Maxine’s oral history, recorded in 2012 at her home in Warner, NH, can be heard in its entirety by clicking on the links below.
It was a pleasure meeting and recording Maxine at her farm in Warner, New Hampshire.
Excerpted from The Poetry Foundation:
An enduring presence in American poetry, Maxine Kumin’s career has spanned over half a century. She has been the recipient of prestigious awards such as the Pulitzer Prize, the Ruth Lilly Poetry Prize, and an American Academy and Institute of Arts and Letters Award. She was the poetry consultant for the Library of Congress in 1981-1982, and has taught at many of the country’s most prestigious universities, including MIT, Princeton, and Columbia. Despite traveling away from home to lecture at schools and universities around the United States, Kumin has retained close ties with her farmhouse in rural New Hampshire; in an interview with Joan Norris published in Crazy Horse, the poet disclosed, “Practically all of [my poems] have come out of this geography and this state of mind.”
Her “well-made poems and stories are two ways of coming at the same immemorial preoccupations: aging and mortality,” wrote Clara Claiborne Park in the Nation, and deemed Kumin’s work “the fiction and poetry of maturity.” Her poems are also mature for another reason: Kumin did not begin to write and publish until mid-life, when she found encouragement in workshops at the Boston Center for Adult Education. Her early poems display her mastery of technique and deal with themes that she has continued to explore throughout her career: identity, the ephemeral nature of life, loss, and man’s relationship to nature. Many of these early works were collected in Kumin’s first book of poems, Halfway (1961), published when she was thirty-six. While attending the Boston workshops, Kumin met and befriended the poet Anne Sexton. Both homemakers with children when they began their literary careers, they wrote four children’s books together and in general contributed to each other’s development. The two poets communicated on a nearly daily basis, conducting private workshops by letter and phone. Consequently, critics tried to trace a strong mutual influence, but both poets denied one. Nonetheless, there were some significant exchanges, and the two poets suggested titles for each other’s work on at least two occasions.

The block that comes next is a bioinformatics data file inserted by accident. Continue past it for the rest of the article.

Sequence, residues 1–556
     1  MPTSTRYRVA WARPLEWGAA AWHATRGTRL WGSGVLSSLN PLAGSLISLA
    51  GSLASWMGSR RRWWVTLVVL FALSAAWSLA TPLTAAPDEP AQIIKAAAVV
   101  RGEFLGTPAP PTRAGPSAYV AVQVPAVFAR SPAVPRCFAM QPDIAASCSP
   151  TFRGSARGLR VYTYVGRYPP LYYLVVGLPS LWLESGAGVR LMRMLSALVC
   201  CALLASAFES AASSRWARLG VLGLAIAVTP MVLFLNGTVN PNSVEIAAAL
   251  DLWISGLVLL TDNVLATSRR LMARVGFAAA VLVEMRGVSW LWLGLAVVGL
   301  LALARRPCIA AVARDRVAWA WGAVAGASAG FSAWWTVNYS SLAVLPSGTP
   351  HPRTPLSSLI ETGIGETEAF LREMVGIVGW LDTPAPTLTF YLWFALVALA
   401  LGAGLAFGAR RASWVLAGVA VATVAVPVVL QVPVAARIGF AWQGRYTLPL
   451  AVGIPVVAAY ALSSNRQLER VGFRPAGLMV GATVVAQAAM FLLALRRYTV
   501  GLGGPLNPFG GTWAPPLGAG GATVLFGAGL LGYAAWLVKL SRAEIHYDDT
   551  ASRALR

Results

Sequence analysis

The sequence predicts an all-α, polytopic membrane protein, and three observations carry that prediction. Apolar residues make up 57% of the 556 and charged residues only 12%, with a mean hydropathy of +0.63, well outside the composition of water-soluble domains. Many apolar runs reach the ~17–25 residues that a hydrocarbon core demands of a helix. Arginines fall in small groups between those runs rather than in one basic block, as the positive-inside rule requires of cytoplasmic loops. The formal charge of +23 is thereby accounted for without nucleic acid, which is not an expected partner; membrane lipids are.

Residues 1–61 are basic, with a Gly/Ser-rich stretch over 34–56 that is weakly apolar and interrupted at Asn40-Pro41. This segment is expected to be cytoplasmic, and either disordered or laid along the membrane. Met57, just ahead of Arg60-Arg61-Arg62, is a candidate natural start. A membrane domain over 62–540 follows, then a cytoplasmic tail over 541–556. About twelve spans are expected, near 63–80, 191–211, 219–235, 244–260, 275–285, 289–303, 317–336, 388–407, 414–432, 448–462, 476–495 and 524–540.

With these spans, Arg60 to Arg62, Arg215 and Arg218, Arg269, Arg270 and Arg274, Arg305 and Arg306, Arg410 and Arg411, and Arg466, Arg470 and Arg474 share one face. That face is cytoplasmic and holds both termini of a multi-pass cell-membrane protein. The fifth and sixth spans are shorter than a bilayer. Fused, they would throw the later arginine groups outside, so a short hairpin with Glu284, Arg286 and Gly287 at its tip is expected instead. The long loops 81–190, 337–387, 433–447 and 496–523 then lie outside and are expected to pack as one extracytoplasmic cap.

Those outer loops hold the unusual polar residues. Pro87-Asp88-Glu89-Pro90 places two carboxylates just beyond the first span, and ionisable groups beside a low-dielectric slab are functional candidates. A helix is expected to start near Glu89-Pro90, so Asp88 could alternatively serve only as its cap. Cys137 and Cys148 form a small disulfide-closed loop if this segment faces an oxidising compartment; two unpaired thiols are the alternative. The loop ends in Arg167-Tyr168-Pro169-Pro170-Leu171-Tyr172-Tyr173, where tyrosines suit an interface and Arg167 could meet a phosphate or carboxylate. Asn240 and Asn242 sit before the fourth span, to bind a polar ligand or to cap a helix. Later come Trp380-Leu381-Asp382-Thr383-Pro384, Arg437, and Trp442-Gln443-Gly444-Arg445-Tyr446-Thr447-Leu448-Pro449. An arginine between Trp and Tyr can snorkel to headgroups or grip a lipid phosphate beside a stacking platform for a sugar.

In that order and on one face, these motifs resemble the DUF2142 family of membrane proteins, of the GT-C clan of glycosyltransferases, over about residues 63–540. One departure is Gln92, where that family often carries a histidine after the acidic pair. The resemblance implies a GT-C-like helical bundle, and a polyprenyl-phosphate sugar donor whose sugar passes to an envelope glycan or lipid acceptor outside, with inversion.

Kumin is most often compared to Robert Frost. The work of both poets shows a close attention to the details of New England rural life. Booth commented: “The distinctive nature of Maxine Kumin’s present poems derives from the primary fact that she lives in, and writes from, a world where constant (if partial) recovery of what’s ‘lost’ is as sure as the procession of the equinoxes, or as familiar as mucking-out the horses’ daily dung.” Kumin’s preference for traditional verse forms has also caused critics to liken her to Frost. Not only is there an order “to be discovered…in the natural world,” she told Martha George Meek in a Massachusetts Review interview, “there is also an order that a human can impose on the chaos of his emotions and the chaos of events.” Kumin achieves this order by structuring and controlling her most emotional subjects, fitting them to exacting patterns of syllable count and rhyme. As she told Hammond, “The harder—that is, the more psychically difficult—the poem is to write, the more likely I am to choose a difficult pattern to pound it into. This is true because, paradoxically, the difficulty frees me to be more honest and more direct.”